What is the toughest lesson you ever learned in the studio and on the stage?
Wilson: In studio, definitely being able to hear everything from a perspective of not playing and hearing it, really makes a difference in the way you had perceived yourself sounding before hand. The biggest lesson there for everyone was that there is always something to improve on even when you think that things are the best that they could be. The biggest lesson that I think we have learned on stage is that if you are not tight, don’t even bother playing a show because if you cant give your all on stage without worrying about what your are playing then you are not going to be entertaining to your full potential.

Terrence: When we put together our first demo, we learned that the energy of the live show doesn’t necessarily translate onto the recording. It sounded good for what it was, but it did not really capture the vibe of the band. The studio is also a major blow to your ego, because basically everything you’ve written and worked on gets turned on its head when pre-production happens.

Are there any tracks that are your personal favorites or that have some good stories behind them?
Wilson: All of our tracks are pretty new and because of that they have been masked. It is now really hard to decipher which ones are my fav. They are all my fav right now! The cool story behind them is that a lot of them were created using old riffs that we had written around when we had been playing with each other for about a year.

Terrence: “Orange County” is probably my favorite to play, but considering how far “Bled Dry” has come along since we first wrote it, like a year and a half ago, that would be the stand out track for me. It used to be over five minutes long and most of us hated playing it but by the time we restructured it into what it is now it is one of my favorite ones to play live. Most of the songs are recycled bits from old songs we no longer play. We will take a breakdown from one song or a chorus from another song and play around with them until something clicks. We have so many songs that have been written but never actually played live, so we have a lot of material still to work with.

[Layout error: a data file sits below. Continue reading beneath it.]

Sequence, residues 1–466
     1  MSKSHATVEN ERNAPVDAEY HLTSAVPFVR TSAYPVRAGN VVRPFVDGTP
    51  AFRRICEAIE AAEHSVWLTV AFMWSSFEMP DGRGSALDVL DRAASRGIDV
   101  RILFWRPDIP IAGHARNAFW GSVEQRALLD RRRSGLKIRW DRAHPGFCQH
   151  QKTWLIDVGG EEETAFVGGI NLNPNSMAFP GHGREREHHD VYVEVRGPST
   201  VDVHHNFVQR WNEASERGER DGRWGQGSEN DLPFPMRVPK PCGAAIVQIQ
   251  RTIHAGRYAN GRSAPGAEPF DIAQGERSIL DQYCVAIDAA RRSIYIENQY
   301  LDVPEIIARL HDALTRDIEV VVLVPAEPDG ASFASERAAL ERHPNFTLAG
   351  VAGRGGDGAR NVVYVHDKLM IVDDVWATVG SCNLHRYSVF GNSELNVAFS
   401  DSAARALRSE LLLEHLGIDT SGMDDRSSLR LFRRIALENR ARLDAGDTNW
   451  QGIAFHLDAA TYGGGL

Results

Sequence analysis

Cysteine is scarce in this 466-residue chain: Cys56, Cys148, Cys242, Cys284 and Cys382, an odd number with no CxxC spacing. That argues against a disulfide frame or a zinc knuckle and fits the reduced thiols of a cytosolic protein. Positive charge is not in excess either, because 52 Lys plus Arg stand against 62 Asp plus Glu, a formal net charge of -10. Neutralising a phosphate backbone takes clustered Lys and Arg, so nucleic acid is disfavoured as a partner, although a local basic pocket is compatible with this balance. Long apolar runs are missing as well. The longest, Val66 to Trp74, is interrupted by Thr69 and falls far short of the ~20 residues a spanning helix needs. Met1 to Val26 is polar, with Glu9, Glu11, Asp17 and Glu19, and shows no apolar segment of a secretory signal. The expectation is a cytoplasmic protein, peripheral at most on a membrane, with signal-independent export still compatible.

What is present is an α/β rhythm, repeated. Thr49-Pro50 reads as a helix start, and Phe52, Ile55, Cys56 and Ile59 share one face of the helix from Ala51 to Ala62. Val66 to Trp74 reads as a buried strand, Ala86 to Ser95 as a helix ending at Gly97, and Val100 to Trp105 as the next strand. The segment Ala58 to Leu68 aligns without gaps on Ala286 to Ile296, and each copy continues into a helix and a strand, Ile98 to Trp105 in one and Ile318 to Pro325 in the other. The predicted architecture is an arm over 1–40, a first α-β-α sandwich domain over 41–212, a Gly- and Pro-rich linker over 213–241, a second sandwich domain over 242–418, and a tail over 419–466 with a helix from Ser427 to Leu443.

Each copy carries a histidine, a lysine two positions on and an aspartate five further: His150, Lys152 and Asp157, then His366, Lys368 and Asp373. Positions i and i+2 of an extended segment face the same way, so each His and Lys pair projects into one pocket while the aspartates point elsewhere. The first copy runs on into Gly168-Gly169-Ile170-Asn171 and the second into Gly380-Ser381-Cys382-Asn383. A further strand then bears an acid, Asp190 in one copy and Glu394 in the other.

What has been the most memorable moment of your career so far?
Wilson: I would have to say making the EP. It was an experience that we all had to together and not only do we know more about the whole recording process, we have become a lot closer as a family. Aside from all that, it was so much fun to make.

Terrence: That past few months, culminating with the EP release have been great. Signing with Throw It @ The Wall Management has been what I think is our best move as a band, as we have really gotten a lot accomplished with their guidance, such as bigger shows and more connections. The EP is something we’re all really proud of and already it is getting a pretty good reception from what we’ve seen!

How do you feel your live show differs from you CD?
Wilson: Not to be cocky, but there really isn’t a difference except for the presence and the fact that it sounds pretty heavy live. We made the EP as heavy as we could but there really isn’t a competition when it comes to the live show!

Terrence: Take the EP and add about 10 gallons of sweat. It’s really high energy, occasionally to the point where someone falls onstage.

Any tour plans in the works at all?
Wilson: For the next 3 or 4 months, we are just going to be concentrating on doing weekend stints in certain regions of Ontario just to build a fan base here. Since this scene seems to be so popular in Europe, we are going to try and get some distribution there as well as, hopefully (keep you fingers crossed), a tour there as well!

Terrence: Like Wilson said, right now we’ve been focused on establishing ourselves in Ontario, and playing weekend shows in its various cities and towns. So if you want to see us in your town drops us a line and we’ll hook something up!

What is next for Dancing With Paris?
Wilson: Definitely the whole touring aspect. Now that the EP is complete and we have a sweet-ass van, (The Magic Tour Bus or the Aluminum Falcon we still haven’t decided) the only thing left is to hit the road!

Terrence: World Domination! We have the EP, finally got a van, so there’s really no excuse for us not to set our sights on the rest of the world.  [ END ]